Trost et al. (14) conducted a randomized group trial to evaluate the impact of a policy change to increase classroom physical activity in 3- to 5-yr-old children attending a half-day preschool program. Teachers from two randomly assigned classrooms were trained to integrate movement experiences ("move and learn" activities) into daily circle or group time, a classroom learning context in which children are typically expected to remain seated and relatively sedentary. The two remaining classrooms in the center served as usual-care controls. Physical activity while attending the program was measured objectively using accelerometry (ActiGraph) and direct observation (OSRAC-P). Notably, the accelerometer and PDA-based observational system were synchronized so that activity levels in specific locations and learning contexts could be readily delineated.
At the completion of the 8-wk intervention, children in the move and learn classrooms exhibited significantly higher levels of classroom MVPA than children completing their usual curriculum. Children in the intervention classrooms were 2.6 times (95% confidence interval = 2.2-3.0) more likely than children in the control classrooms to exhibit MVPA during circle time. Interestingly, although no efforts were made to change teacher behavior during outdoor play time, children in the intervention classrooms were 40% more likely to exhibit MVPA during outdoor play time than children in the control classrooms. The results demonstrated that a relatively simple change in instructional practices can result in small, but significant, increases in physical activity.
Summary and future directions.
Although relatively few studies have examined the influence of policy and environment on physical activity behavior in child care settings, emerging evidence suggests that several key factors contribute to the marked between-center variability in physical activity and sedentary behavior.
From a policy standpoint, staff education and training, as well as staff behavior on the playground, seem to be salient influences on physical activity. Child care centers with greater levels of physical activity tend to employ teachers with higher levels of education and are more likely to provide staff with additional training in physical activity. In addition, these centers may reach out to parents with suggestions for promoting physical activity at home. The observation of an inverse association between teacher supervision and physical activity during recess serves as a reminder that teachers play an important role in physical activity promotion, and they should frequently prompt children to be active and avoid prolonged periods of conversation.
With respect to the physical environment, there is some evidence to suggest that attributes of outdoor play areas act as key influences on physical activity. Cross-sectional observational studies suggest that lower playground density (less children per square meter) and the presence of vegetation and unbroken open areas are positive influences on physical activity. However, not all studies have found these attributes to be significant influences. Interestingly, there was little evidence to support the notion that the amount or quality of fixed play equipment on-site influences physical activity behavior. On the contrary, the availability and quality of portable play equipment emerged as key determinants of activity level. With respect to time outdoors, child care centers must continue to ensure that children have adequate outdoor play time. However, the observed inverse association between recess duration and physical activity level and the failure of extended recess periods to significantly increase physical activity suggest that multiple outdoor recess breaks may be more effective in promoting physical activity than a single prolonged outdoor play period.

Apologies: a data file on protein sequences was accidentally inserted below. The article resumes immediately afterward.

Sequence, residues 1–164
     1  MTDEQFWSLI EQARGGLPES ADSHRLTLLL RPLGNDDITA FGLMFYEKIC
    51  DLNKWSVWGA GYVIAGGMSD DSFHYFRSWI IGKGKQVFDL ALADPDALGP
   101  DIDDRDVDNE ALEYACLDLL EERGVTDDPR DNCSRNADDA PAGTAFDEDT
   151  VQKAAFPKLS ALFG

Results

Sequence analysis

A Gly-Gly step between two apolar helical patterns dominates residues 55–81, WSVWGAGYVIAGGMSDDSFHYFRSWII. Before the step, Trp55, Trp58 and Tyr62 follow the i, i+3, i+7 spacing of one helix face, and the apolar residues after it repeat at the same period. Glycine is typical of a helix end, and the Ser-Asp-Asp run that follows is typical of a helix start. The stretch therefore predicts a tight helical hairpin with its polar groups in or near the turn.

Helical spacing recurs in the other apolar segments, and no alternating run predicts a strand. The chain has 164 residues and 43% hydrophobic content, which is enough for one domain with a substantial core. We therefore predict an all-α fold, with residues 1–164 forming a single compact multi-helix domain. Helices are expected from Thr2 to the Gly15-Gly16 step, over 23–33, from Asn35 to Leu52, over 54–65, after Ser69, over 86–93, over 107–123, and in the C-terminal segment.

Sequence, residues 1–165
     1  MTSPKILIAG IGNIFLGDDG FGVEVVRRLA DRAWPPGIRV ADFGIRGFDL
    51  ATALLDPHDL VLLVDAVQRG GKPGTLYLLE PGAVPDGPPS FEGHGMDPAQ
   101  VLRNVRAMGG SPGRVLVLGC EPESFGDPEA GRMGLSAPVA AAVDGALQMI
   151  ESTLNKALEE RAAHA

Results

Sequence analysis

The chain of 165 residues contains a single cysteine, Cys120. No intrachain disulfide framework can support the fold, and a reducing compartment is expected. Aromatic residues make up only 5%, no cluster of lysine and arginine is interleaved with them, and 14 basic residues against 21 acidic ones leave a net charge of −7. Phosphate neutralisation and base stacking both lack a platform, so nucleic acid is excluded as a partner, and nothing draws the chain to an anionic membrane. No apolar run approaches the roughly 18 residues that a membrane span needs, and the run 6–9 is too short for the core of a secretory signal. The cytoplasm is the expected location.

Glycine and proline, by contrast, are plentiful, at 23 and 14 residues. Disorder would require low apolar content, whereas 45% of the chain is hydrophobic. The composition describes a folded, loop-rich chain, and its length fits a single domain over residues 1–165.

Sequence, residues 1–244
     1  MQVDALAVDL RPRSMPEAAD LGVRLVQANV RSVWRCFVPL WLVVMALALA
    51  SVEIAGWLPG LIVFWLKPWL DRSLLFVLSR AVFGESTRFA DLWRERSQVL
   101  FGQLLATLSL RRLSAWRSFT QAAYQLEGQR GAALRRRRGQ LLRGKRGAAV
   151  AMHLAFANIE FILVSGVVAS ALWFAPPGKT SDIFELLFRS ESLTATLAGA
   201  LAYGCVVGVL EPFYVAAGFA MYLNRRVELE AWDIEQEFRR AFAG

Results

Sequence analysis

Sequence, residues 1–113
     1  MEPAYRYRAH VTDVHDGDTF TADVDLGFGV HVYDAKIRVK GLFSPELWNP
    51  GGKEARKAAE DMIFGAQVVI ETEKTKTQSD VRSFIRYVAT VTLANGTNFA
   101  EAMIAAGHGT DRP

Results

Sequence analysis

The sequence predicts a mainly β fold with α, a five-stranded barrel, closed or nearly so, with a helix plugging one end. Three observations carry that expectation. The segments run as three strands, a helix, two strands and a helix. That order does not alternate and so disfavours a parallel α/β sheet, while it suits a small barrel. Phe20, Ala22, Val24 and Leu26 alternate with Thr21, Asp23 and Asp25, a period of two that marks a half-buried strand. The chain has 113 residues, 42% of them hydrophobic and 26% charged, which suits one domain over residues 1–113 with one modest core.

The influence of policy and environment on physical activity and sedentary behavior in child care settings is a relatively new area of research. Not surprisingly then, studies published to date have been mostly cross-sectional, insufficiently powered, and, with the exception of the study by Cardon et al. (6), have used statistical methods that do not fully account for the hierarchical nature of data collected in child care settings. Consequently, it is critically important that future studies recruit sufficient numbers of child care centers to ensure that they are adequately powered to detect small but potentially meaningful associations. Care should be taken to recruit a wide variety of a child care centers, so that there is sufficient heterogeneity in policy and environmental influences to detect relationships. To advance the current knowledge base, child care centers should be studied as a collection of behavior settings that influence physical activity and sedentary behavior differentially. Investigators should explicitly identify the behavior settings within a child center that could influence physical activity behavior (i.e., paths, sandbox) and measure the characteristics of these settings that promote or encumber physical activity. Investigations of this type should use multilevel modeling techniques that take into account the hierarchical nature of data collected in child care centers (child → behavior setting → child care center).
No funding sources to disclose for this work.
The results of the present study do not constitute endorsement by the American College of Sports Medicine.